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Agenda

This edition’s topics include:

The impact of the war in Ukraine on cybersecurity – Russia’s brutal aggression against Ukraine is also taking place in cyberspace.

How the war changed regulations, technologies and mindsets? How can West further support Ukraine?

Increased need for clear and effective public-private partnerships on cybersecurity. In a globalised and digitalised world, complex projects have to be created by private and public institutions.

How to improve private-public partnerships? Where can states and business most support each other?

Growing threat of e-crime to businesses and end users. Reports from cybersecurity companies confirm the continuous threats coming from non-state actors.

Why is e-crime still on the rise? How to prevent it?

Levelling the playing field in the cybersecurity market – we still see significant inequalities in the cyber labour market. How to counter e-exclusion?

How to support women in the cyber security market?

Investment in digitisation projects in the Three Seas region – Developing the potential of the Three Seas region is an imperative for the stability of the European Union.

What projects have the opportunity to make the ‘second lung of Europe’ a digital powerhouse? What should we focus upon?

European Cybersecurity Certification Framework – NIS 2 Directive, Cybersecurity Act, Cyber Resilience Act – they have one thing in common – cybersecurity certification. What’s the EU plan for certification and how it’s influence a European market?

Would it be a chance for European companies to grow or it’s be a market blocker?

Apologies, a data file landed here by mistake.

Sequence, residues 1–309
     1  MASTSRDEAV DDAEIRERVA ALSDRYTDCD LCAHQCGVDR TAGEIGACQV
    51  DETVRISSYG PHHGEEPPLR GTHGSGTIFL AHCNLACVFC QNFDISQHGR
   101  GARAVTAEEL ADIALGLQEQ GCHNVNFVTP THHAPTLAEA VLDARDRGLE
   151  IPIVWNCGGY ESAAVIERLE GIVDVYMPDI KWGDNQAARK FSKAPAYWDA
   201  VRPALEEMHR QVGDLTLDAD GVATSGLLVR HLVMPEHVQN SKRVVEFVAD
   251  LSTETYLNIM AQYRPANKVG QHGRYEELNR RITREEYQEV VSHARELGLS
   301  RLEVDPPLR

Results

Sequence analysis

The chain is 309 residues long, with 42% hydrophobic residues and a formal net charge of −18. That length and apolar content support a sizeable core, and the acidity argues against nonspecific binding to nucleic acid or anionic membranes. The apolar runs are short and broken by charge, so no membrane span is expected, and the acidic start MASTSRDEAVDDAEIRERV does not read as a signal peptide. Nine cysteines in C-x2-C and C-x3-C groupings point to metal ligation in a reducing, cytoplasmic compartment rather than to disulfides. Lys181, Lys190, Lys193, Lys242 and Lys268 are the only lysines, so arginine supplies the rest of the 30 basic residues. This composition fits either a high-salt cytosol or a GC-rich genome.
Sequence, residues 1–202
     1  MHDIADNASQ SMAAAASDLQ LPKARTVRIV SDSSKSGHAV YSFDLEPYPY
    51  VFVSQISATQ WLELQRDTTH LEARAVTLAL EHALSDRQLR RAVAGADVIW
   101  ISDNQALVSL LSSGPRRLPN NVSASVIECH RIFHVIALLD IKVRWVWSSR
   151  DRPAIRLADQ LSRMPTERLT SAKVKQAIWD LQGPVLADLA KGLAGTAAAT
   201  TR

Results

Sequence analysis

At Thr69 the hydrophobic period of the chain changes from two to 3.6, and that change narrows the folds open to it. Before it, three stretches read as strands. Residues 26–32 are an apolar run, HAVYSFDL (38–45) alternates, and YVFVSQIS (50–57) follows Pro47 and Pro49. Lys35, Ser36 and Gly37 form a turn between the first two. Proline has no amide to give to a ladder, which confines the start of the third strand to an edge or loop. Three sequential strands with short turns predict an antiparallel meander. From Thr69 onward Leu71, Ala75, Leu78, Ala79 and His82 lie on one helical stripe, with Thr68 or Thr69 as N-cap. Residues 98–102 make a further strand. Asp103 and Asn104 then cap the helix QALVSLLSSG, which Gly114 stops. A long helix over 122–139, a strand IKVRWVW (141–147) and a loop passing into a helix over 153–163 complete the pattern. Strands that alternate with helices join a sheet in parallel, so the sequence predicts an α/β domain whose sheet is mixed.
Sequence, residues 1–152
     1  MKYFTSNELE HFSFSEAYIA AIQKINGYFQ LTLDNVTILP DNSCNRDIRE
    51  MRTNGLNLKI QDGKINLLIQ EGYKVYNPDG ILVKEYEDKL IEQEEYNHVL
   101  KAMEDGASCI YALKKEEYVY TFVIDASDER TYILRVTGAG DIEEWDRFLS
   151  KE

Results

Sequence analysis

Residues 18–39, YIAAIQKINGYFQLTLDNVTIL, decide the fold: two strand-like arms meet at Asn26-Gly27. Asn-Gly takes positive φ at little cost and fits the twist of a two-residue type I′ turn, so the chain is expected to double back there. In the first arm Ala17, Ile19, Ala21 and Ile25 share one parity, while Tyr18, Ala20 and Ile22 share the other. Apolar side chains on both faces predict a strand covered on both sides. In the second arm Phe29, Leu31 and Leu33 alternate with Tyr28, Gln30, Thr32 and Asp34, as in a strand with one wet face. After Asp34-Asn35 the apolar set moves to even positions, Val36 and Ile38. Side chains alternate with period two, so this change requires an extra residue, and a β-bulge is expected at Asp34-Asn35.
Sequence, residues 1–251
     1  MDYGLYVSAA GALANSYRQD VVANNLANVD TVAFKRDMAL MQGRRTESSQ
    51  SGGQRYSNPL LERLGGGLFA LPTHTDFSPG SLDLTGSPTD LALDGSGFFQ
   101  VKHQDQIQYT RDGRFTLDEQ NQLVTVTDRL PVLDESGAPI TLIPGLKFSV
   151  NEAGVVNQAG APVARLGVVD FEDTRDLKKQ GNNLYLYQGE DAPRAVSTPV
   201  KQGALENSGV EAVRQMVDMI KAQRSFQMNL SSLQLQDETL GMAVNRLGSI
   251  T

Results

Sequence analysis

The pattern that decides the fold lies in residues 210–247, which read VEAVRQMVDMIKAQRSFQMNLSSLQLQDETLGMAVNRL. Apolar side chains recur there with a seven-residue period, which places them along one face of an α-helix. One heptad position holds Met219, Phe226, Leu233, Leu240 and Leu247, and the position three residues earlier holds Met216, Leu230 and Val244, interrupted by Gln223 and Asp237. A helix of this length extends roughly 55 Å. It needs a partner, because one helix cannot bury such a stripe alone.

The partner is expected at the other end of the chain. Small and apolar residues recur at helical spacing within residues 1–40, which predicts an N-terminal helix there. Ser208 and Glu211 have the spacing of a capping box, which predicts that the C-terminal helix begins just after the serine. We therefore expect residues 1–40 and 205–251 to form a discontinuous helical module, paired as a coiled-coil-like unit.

Investment in cybersecurity – potential in CEE region – we observe a growing interest of investors in the cybersecurity market, but due to its specificity, the investment potential of this sector is not being fully used.

How to invest in the cybersecurity market? What is the potential of the CEE region?

Building cybersecurity skills – the lack of cybersecurity specialists is a global problem that affects both business and public administration. How can a public-private partnership respond to this problem?

Can business and public cooperate to meet the challenge of the lack of specialists?

Cyber-resilience of critical infrastructure in times of war – Critical infrastructure has been a prime target for hacker attacks for many years, especially those inspired by state actors.

What does cyber defense of critical infrastructure look like in times of war? What operators of essential services should pay special attention to?

SOCs, ICASs, CISRTs – how to manage a cybersecurity on different levels – Due to the complexity of cybersecurity threats, importance for the functioning of the state and business, as well as in connection with the growing number of attacks, public administration and the private sector are looking for more and more sophisticated defense tools.

What is the role of SOC, ISAC and CSIRT in national cybersecurity systems?

CYBERSEC FORUM/EXPO 2022 AT GLANCE

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5 Thematic Streams

The Russian invasion of Ukraine prompted the international community to provide necessary aid to Ukraine and support the country both diplomatically and strategically. Efforts led by the EU and NATO would not have been possible without reaching common understanding and taking joint action, which ultimately proves that power lies in unity. This applies also to cyberspace, as it has once again turned into a battlefield, underlining the importance of increased resilience and security of the entire cyber ecosystem. Within the STATE stream, our experts are going to discuss the challenges for modern states in times of crisis.